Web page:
Are you an avid social photo sharer? Do you own a mobile device with camera, a point and shoot and an SLR with a bunch of different lenses? And, do you often cart all three (or more) of these around, snapping photos and then uploading them to Facebook, Twitter and Flickr? Do you love Instagram?
Well, if you are answering yes to all (or most) of this, then you should go to Photorankme and get your social photo-sharing score (or rank).
This simple (and quick) little analytic asks you to plug in the social media photo sites/apps you use the most (Facebook, Twitter, Flickr, Instagram). It quickly assesses how many photos you’ve posted, how many “likes” you’ve received, number of comments made and gives you a score of 1-100.
My ruby slipper photo (shown here) taken with my iPhone and posted to Facebook a couple of weeks ago when I was road tripping through Kansas (seriously) factored into my score of 50. A score I thought was pretty good. Turns out, though, that on my leaderboard I’m already ranked #2, after Robert Scoble (not a bad person to come in second place after, by the way). Of course, I haven’t asked any of my other social media friends to play yet. If you want to compete with me on Photorankme – click here.
ANZA Technology Network CEO Viki Forrest, Startup Bus founder Elias Bizannes and startup successes Andrew Lacy (Tapulous), Ryan Junee (Omnisio) and Mick Johnson (Whereoscope) are just some of the Aussies profiled in Joel Meares’ “From Australia to Silicon Valley.” (Note: After August 1, this issue is archived – see pages 114-115)
The piece appears in Voyeur, the in-flight magazine of Virgin Australia for July 2011.
For many years, Australians and New Zealanders have been coming to Silicon Valley. Known worldwide for their innovative spirit dating back to the Hills Hoist, Down Under entrepreneurs have naturally gravitated to technology.
The ANZA Technology Network was established in 2001 as a gateway to the US for many of these innovators and their early-stage companies. ANZA holds an annual Gateway to the US event to showcase many of Australia and New Zealand’s latest breakthroughs in software, social media, cloud computing, clean tech, gaming and more.
Additionally, two Down Under entrepreneurs have recently purchased a building in the Valley’s hottest sub-hub, South of Market San Francisco (SOMA). An exciting spin-off of Bizannes’ Startup Bus, the Startup House is in the works for the space. Hermione Way of The Next Web talks with Bizannes and gives us a sneak video peak at the space.
Last night, President Obama addressed the nation. The country is facing a major fiscal meltdown and there’s no use pointing fingers at which side is right or wrong. It’s time for compromise. It’s time for a bipartisan solution. It’s time rich people paid their taxes, middle class people caught a break and poor people get a shot at what’s left of the American Dream.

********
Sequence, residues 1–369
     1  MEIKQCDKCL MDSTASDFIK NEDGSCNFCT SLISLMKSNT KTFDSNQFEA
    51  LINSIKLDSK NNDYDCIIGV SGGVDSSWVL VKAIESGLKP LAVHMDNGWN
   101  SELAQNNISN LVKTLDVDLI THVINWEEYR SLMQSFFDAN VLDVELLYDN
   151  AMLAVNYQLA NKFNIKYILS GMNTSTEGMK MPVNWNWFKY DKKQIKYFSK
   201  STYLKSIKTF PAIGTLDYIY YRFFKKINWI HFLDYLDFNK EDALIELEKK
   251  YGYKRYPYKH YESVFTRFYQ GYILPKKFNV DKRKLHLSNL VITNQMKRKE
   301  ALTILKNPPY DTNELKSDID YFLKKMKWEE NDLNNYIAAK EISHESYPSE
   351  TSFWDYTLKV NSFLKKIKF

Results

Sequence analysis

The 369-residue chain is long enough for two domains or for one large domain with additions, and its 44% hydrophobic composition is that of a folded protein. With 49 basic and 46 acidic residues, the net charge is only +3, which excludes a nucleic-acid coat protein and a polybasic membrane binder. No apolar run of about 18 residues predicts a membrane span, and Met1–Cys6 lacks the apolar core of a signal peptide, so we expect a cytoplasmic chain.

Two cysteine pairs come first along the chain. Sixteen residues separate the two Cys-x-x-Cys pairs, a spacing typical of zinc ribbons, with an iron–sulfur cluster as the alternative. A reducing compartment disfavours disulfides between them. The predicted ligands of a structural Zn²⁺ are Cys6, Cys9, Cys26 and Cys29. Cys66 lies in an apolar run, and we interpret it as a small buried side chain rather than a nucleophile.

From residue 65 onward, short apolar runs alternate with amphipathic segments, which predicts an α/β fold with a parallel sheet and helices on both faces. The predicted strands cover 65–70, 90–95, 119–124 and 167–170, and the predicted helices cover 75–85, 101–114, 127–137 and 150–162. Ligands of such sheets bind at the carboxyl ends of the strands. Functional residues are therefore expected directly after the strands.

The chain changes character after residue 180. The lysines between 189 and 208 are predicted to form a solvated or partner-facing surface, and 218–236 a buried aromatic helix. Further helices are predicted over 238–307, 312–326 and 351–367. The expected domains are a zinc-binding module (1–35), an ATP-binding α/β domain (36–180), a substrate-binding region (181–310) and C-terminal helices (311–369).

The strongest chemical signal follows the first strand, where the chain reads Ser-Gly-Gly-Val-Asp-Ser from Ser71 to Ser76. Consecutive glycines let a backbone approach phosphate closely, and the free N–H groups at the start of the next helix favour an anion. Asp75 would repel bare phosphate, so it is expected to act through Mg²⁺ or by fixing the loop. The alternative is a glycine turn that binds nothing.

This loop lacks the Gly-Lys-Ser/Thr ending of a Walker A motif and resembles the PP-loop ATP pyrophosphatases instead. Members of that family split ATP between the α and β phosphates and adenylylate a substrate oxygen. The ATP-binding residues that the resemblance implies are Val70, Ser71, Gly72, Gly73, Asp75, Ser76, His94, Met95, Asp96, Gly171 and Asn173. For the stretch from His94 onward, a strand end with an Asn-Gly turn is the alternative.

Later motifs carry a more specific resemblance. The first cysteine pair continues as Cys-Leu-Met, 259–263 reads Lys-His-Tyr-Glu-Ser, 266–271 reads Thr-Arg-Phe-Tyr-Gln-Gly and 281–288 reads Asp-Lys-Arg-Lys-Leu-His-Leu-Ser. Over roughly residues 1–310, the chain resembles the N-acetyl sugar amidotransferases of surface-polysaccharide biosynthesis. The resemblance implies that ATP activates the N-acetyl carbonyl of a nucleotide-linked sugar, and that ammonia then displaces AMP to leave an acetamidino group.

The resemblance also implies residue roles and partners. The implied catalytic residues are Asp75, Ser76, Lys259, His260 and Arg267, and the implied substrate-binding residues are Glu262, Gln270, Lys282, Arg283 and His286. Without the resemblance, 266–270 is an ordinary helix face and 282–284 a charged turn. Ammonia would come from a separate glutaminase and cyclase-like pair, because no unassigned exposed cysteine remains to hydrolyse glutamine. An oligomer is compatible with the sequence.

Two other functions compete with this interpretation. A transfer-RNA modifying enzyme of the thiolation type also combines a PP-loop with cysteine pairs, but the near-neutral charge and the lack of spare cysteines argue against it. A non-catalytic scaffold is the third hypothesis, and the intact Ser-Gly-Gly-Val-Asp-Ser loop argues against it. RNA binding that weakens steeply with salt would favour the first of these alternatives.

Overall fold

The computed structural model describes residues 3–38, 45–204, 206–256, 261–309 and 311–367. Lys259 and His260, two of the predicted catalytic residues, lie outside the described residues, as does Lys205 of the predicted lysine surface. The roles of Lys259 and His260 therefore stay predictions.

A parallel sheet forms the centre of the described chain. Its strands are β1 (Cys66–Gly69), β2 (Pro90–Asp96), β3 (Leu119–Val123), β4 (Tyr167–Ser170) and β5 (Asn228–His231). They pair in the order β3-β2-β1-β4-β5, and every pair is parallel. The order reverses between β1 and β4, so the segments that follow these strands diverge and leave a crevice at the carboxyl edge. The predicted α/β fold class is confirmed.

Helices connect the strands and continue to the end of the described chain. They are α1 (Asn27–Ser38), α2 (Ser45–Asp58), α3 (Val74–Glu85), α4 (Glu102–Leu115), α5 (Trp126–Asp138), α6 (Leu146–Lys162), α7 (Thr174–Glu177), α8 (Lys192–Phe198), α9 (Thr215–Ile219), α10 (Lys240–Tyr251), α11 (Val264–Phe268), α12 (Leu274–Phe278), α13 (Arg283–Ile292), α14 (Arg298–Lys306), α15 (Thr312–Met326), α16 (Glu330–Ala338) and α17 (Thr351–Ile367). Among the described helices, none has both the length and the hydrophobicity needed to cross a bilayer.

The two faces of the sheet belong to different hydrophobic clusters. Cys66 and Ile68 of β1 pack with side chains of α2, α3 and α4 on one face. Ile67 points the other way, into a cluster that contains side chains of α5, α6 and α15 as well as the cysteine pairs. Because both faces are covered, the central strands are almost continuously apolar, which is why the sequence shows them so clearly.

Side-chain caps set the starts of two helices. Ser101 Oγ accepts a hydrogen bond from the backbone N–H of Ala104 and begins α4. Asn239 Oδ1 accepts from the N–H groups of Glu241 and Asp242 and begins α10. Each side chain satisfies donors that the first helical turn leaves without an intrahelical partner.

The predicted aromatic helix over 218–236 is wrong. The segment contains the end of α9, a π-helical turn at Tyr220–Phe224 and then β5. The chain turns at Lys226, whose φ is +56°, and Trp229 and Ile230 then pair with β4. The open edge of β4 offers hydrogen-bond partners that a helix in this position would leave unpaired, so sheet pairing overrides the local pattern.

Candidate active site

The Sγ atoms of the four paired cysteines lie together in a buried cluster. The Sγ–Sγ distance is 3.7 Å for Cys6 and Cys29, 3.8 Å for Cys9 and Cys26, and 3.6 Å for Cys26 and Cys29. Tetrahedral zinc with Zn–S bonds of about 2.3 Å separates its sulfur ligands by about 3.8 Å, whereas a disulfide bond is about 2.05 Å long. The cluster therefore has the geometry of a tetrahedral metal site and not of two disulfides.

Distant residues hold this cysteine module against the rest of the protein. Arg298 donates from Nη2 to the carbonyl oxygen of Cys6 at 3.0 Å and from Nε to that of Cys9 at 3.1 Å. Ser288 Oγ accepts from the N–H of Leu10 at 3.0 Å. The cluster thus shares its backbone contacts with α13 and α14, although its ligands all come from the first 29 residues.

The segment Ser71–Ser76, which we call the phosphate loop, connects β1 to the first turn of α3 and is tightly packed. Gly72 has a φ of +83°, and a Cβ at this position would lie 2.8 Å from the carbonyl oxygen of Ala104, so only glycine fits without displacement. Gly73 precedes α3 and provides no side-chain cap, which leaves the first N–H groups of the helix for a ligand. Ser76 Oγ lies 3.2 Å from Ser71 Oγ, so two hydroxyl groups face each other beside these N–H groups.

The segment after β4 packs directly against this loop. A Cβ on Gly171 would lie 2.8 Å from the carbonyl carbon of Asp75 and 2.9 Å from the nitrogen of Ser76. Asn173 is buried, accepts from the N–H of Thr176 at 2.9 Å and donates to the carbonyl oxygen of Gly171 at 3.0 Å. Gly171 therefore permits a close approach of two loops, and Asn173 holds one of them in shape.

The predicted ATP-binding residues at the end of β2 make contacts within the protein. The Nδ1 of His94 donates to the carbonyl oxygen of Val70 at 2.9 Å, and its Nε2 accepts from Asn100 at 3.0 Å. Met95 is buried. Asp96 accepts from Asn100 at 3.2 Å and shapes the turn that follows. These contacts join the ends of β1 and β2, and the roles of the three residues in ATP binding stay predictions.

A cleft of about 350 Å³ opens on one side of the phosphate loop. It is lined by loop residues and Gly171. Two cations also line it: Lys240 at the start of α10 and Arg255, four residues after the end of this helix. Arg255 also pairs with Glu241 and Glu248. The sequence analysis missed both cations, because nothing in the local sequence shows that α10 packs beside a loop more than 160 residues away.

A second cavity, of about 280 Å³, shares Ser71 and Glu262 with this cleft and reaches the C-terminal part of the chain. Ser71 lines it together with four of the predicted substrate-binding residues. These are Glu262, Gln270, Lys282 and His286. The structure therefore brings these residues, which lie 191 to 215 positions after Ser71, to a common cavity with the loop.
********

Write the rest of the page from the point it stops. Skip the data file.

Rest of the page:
It’s time to create jobs, too.
Polls across the board are showing that the American people think Washington is out of touch with reality. Obama called the negotiations that are leading the country to the brink of default a “partisan three-ring circus,” and he urged Americans to call their elected Representatives and tell them how they feel about the situation.
“The American people may have voted for divided government, but they didn’t vote for a dysfunctional government. So I’m asking you all to make your voice heard. If you want a balanced approach to reducing the deficit, let your Member of Congress know. If you believe we can solve this problem through compromise, send that message.”
Today, according to David Weigel of Slate.com, Americans are doing just that. Ringing Congressional phones off the hook urging elected officials (mostly Republicans, and in particular Tea Partiers) to sit down like adults and hammer out an agreement. Heeding the words of the President, many Americans today are calling Congress, being grassroots activists, some for the first time.
While democracy may be breaking down at the highest levels, it is alive and well at the grassroots.
BBC News Magazine has asked a bunch of Brits (and a few Canadians) what they think are the most annoying “Americanisms” creeping into what’s left of the “English” language.
They’ve compiled a list of 50, and the comments are surging with over 1,200 more beefs against Americanisms as well as “get over its” by Americans (and those who love us).
In the past decade or so we’ve seen the “dumbing down” of English in general not so much because proper grammar is a tedious business, but because the way we communicate with the written word has so dramatically changed. Overall, it’s probably a miracle that we can still find time to speak to each other rather than bundle up that thought into a text or a tweet.
So, “reach out” and “touch base”. “It is what it is,” “24/7”. “My bad” and “I’m good.” Do you have an “issue” with that? (Read more)
Source: BBC News Magazine, “Americanisms: 50 of Your Most Noted Examples”.